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Tuesday, April 17, 2007

Field Trip

When I was in high school, the kinds of field trips we took were to the art museum or the zoo. And as you might imagine, the highlight was eating lunch at McDonalds.

For 18 students from Worthington Christian High School in Columbus, Ohio, the highlight of their field trip to the Roatan Institute of Marine Sciences, located at Anthony's Key Resort, has been to interact with the dolphins.

Yeah, you heard me. These kids get a week off of school to travel a million miles away, and study marine biology in a warm, tropical environment. Oh, but they are taking classes while they are here. And there will be a test, says Debbie Walton, their science teacher and chaperone.

All of them spent weeks leading up to their visit studying reef biology, socking their money away and getting scuba certified. That way they were ready to jump in on arrival.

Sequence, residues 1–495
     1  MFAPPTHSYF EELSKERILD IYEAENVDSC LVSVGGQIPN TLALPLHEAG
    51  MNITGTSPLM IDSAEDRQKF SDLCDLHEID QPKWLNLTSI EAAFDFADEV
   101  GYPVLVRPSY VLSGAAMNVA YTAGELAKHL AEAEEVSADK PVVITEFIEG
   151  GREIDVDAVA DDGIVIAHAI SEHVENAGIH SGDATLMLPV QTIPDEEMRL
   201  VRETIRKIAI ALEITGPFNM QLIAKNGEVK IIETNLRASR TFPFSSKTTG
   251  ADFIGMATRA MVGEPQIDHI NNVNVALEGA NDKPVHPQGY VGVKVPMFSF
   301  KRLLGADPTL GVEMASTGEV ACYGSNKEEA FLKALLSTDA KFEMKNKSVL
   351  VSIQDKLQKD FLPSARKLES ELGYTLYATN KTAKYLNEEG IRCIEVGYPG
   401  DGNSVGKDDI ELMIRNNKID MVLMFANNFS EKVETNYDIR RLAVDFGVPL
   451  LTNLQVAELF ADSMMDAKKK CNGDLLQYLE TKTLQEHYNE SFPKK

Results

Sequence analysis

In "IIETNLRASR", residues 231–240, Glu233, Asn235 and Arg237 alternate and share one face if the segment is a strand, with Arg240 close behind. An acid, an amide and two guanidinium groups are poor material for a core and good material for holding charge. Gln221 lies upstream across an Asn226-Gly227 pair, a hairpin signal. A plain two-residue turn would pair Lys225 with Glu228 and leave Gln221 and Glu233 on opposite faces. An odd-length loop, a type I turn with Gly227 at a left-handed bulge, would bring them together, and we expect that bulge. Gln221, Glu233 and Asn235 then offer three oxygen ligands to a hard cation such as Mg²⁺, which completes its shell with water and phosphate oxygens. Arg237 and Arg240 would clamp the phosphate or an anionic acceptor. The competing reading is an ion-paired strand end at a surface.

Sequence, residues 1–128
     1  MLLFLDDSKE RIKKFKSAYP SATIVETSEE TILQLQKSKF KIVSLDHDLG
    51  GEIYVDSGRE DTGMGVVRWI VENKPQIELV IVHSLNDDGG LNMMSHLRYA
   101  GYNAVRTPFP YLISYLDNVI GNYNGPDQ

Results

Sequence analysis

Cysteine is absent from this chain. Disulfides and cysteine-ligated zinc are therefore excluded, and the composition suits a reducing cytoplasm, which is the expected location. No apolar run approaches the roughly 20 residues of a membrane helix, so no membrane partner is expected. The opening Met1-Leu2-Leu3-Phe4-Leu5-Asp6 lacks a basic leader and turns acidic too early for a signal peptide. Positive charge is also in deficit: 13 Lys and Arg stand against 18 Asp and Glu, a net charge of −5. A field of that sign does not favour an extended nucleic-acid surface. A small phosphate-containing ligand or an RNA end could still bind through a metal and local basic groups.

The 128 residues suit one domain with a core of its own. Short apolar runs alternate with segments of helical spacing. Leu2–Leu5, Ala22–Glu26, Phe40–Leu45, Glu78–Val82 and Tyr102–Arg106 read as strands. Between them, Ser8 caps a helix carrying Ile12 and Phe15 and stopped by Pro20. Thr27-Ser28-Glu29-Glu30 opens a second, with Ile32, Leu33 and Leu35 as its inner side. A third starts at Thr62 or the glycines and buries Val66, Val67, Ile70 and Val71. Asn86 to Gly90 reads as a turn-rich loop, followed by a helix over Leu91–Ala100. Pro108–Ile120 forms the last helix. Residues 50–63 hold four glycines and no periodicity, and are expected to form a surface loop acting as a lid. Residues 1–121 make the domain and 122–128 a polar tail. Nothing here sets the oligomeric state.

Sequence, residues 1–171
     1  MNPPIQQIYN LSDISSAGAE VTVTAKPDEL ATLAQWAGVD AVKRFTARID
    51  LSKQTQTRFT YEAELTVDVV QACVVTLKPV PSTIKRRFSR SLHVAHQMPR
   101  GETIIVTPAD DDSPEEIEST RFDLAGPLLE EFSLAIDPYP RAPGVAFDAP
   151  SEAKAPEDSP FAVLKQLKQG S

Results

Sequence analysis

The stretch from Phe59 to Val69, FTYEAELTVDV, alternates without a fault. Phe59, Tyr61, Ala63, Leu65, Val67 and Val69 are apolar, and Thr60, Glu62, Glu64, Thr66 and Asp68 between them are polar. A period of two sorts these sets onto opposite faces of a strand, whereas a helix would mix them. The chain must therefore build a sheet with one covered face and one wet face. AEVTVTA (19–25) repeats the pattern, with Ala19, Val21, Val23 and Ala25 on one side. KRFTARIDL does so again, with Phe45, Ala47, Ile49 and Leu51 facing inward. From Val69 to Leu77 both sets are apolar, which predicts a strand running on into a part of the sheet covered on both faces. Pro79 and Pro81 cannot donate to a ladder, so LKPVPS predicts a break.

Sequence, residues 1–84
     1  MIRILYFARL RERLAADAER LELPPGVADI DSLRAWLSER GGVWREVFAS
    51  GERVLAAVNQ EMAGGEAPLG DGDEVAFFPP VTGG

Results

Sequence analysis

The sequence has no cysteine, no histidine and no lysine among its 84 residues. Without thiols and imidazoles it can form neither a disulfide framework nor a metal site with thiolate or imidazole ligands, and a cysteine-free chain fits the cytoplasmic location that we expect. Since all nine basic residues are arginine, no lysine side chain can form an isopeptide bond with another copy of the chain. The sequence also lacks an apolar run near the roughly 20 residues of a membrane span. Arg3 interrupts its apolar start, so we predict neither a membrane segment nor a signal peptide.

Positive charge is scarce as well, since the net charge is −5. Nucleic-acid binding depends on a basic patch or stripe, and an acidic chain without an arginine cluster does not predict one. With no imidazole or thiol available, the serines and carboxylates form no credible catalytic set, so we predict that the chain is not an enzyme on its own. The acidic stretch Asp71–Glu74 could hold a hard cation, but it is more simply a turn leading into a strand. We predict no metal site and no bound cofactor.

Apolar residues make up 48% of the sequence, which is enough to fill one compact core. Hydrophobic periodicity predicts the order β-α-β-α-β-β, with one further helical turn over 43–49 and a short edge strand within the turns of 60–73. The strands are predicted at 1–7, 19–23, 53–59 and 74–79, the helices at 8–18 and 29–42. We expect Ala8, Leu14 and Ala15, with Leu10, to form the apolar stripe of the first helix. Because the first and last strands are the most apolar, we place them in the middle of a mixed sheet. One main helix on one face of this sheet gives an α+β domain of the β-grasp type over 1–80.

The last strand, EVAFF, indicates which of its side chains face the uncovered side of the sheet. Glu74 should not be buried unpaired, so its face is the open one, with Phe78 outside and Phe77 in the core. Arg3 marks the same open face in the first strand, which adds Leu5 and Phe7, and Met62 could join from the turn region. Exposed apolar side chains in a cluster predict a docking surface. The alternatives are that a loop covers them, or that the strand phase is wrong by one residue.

Well, I got my dream-come-true field trip today, too, when I got to snorkel with the 8 dolphins at the institute. For an hour-and-a-half, I swam alongside these creatures in the lagoon at the resort, watching their natural behavior...nothing like the fins and flipper-type show I've seen in the past.

They are a little hesitant to approach at first, so we're given an introduction by a trainer who talks about their physiology, life span, behavior and anything else we could think about asking. Cebena was the dolphin that we were formally introduced to. She is 21 years old, and her child is a year-and-a-half old. After the demonstration, we did the cheesy, touristy pictures--the dolphin kissing my check, etc.

But after all of that, we attached fins, put on the mask and snorkel, and went deeper into the water. Cebena and her child found me first and slipped past in such close proximity that I was bobbing in their wake. Another pair of dolphins were demonstrating sex education. The others were goofing around, nipping at each other and teasing snorkelers. All the while, you could here them communicating to each other through their blowholes.

They truly are amazing to watch, especially beneath the surface of the water. I never need to see the silly tricks dolphins are trained to do again. And then, Cebena waves her flipper at me to say goodbye.

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